Local Digital Capital offers us an aggregated view that provides an understanding of the impact of digital technology in a particular area. The eight inputs that make up Local Digital Capital are a mix of tangible and intangible assets and inputs – much like the concept of human capital.
Digital skills range from being able to access basic public services online, to understanding the most advanced quantum computing.
Effective collaboration and coordination across and between public and private sector bodies is critical to success. This is key to delivering growth objectives and improving all other aspects of Local Digital Capital.
|The eight components of Local Digital Capital||The metrics|
|Digital Skills: Digital skills range from being able to access basic public services online, to understanding the most advanced quantum computing.||Internet usage, adults using internet to access public services and basic skills.|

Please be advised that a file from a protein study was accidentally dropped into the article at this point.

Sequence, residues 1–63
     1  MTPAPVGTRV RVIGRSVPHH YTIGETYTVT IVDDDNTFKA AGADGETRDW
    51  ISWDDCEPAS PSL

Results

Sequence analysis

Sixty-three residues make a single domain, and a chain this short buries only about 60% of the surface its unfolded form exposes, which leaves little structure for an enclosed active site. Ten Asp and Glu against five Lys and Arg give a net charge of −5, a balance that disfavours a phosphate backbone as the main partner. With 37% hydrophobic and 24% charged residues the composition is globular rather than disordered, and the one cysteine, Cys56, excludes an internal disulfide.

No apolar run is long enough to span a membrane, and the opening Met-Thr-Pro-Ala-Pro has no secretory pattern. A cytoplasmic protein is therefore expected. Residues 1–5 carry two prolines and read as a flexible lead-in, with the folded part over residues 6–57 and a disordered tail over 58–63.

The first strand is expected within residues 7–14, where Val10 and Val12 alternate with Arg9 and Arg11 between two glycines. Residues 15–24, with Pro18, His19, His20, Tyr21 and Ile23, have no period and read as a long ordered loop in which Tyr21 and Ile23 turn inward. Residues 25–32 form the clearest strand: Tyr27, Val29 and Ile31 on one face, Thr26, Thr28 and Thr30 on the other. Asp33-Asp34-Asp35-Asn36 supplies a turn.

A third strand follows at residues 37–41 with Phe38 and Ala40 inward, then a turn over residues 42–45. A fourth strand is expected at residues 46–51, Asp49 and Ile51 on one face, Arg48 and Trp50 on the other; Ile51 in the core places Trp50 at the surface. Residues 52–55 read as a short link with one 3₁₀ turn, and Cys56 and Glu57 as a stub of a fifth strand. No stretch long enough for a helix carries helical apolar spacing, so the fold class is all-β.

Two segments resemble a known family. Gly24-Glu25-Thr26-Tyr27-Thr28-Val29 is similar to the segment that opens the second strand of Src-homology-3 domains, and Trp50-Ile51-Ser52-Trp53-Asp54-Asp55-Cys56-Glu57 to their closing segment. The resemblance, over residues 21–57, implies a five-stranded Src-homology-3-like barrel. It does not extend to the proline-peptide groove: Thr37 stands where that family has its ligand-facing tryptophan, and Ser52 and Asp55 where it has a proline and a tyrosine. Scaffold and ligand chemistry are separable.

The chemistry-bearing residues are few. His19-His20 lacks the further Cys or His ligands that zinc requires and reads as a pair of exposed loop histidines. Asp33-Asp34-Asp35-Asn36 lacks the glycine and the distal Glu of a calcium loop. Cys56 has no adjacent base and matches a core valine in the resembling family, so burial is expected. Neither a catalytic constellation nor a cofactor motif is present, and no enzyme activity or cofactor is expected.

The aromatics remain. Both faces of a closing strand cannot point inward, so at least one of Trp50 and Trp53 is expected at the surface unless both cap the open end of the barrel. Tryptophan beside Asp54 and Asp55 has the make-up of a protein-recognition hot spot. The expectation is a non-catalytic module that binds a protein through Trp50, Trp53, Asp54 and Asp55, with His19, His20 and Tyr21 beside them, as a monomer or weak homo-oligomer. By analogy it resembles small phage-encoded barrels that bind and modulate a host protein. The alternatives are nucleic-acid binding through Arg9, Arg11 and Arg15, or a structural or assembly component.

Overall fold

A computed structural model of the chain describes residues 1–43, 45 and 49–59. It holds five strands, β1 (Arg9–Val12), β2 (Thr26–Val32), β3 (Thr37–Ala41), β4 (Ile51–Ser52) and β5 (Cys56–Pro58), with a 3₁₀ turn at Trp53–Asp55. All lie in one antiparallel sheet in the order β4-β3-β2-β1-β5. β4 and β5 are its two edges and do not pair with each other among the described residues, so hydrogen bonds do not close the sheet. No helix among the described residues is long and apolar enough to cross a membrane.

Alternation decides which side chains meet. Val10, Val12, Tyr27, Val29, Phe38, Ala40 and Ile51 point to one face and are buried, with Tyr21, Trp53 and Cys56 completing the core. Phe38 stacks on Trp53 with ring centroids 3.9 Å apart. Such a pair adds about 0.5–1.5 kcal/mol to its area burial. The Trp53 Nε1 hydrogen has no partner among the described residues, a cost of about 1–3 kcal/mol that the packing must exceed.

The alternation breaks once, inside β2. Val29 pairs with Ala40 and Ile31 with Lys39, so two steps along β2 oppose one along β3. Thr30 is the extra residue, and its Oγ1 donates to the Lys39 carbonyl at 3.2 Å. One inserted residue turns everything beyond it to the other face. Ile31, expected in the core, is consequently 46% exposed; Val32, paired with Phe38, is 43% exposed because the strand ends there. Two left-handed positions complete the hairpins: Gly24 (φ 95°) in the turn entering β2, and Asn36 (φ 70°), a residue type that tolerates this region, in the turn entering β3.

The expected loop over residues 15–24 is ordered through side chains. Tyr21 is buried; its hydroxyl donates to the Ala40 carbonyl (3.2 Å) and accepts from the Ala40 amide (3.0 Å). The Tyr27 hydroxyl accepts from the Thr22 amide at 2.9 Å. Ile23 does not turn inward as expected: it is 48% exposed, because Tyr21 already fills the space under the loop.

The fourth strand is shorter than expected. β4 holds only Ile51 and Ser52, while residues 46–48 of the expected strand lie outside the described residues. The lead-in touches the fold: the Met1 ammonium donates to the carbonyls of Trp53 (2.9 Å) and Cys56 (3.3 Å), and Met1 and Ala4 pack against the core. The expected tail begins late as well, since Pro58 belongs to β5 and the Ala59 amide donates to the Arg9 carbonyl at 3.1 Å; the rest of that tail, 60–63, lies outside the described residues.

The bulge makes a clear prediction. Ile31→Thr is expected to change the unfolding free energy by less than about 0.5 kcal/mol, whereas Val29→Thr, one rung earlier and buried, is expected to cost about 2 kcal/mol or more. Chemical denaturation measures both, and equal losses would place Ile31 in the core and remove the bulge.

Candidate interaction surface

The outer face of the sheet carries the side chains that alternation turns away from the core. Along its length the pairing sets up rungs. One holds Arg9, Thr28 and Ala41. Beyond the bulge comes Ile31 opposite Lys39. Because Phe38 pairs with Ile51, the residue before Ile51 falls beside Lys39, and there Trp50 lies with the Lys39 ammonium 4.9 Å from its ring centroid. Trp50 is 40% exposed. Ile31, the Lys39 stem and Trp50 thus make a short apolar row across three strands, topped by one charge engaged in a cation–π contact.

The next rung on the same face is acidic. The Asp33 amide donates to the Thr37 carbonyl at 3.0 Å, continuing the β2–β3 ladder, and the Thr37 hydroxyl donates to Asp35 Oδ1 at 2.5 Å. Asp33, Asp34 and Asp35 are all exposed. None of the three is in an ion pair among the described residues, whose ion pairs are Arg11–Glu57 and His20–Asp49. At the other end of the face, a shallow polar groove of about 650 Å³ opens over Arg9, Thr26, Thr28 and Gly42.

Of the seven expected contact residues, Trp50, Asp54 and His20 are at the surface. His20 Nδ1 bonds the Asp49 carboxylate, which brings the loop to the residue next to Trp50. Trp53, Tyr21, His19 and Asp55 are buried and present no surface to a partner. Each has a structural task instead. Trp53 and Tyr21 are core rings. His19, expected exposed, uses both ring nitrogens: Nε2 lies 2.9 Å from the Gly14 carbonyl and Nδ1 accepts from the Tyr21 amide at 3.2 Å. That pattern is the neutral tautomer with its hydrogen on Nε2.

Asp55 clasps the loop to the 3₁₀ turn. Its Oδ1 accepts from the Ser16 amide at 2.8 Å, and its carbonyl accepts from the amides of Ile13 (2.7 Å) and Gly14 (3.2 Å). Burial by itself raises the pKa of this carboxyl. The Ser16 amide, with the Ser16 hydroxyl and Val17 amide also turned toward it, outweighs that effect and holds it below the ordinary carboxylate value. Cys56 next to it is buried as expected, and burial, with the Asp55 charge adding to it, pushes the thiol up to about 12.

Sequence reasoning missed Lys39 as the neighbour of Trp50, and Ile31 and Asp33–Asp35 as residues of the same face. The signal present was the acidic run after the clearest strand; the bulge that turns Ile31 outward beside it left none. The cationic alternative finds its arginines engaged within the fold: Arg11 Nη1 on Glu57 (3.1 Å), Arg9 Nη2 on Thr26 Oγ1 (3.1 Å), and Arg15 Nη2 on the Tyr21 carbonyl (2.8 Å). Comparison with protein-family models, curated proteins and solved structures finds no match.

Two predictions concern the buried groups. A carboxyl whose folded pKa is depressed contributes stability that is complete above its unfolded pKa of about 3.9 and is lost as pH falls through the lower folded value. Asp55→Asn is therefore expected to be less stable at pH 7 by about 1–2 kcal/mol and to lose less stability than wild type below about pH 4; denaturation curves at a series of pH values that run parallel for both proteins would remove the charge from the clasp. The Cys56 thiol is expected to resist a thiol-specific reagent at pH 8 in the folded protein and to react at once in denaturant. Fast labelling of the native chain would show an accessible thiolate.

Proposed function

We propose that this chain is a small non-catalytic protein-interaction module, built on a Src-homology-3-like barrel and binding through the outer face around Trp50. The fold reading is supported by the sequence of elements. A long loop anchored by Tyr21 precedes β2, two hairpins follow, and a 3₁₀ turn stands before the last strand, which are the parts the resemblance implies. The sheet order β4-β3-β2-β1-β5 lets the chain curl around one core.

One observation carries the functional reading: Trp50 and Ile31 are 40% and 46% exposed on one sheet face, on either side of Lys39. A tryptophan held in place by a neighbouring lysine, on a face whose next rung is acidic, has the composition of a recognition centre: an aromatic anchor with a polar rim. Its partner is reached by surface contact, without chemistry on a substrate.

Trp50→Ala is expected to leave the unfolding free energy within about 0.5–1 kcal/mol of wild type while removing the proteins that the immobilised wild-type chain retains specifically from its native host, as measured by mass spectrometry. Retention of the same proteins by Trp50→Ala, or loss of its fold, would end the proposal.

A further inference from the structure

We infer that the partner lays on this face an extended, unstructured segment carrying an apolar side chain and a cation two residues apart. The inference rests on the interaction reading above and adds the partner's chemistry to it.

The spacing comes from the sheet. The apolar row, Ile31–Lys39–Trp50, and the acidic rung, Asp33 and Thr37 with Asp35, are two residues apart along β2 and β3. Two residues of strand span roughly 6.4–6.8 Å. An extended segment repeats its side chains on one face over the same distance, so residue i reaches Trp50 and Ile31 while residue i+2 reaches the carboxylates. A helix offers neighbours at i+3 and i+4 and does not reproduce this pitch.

|Digital Adoption: The adoption of digital tech platforms, primarily software, by businesses (e.g., cloud, CRM, accounting, and team management software) – these tools allow businesses to increase productivity, efficiency, resilience, and agility, and enable future innovation and growth.||Tech jobs advertised, % of tech firm employees, businesses with essential digital skills, information and communication jobs, % of jobs in information and comms, finance, professional science and technical activities.|
|Data Ecosystems: Access to data and datasets allows governments, firms, and individuals to gain greater insights into local economies and societies. This requires better data collection and analysis to provide insight into the design of public services or new products.||Not enough data to provide a consistent metric.|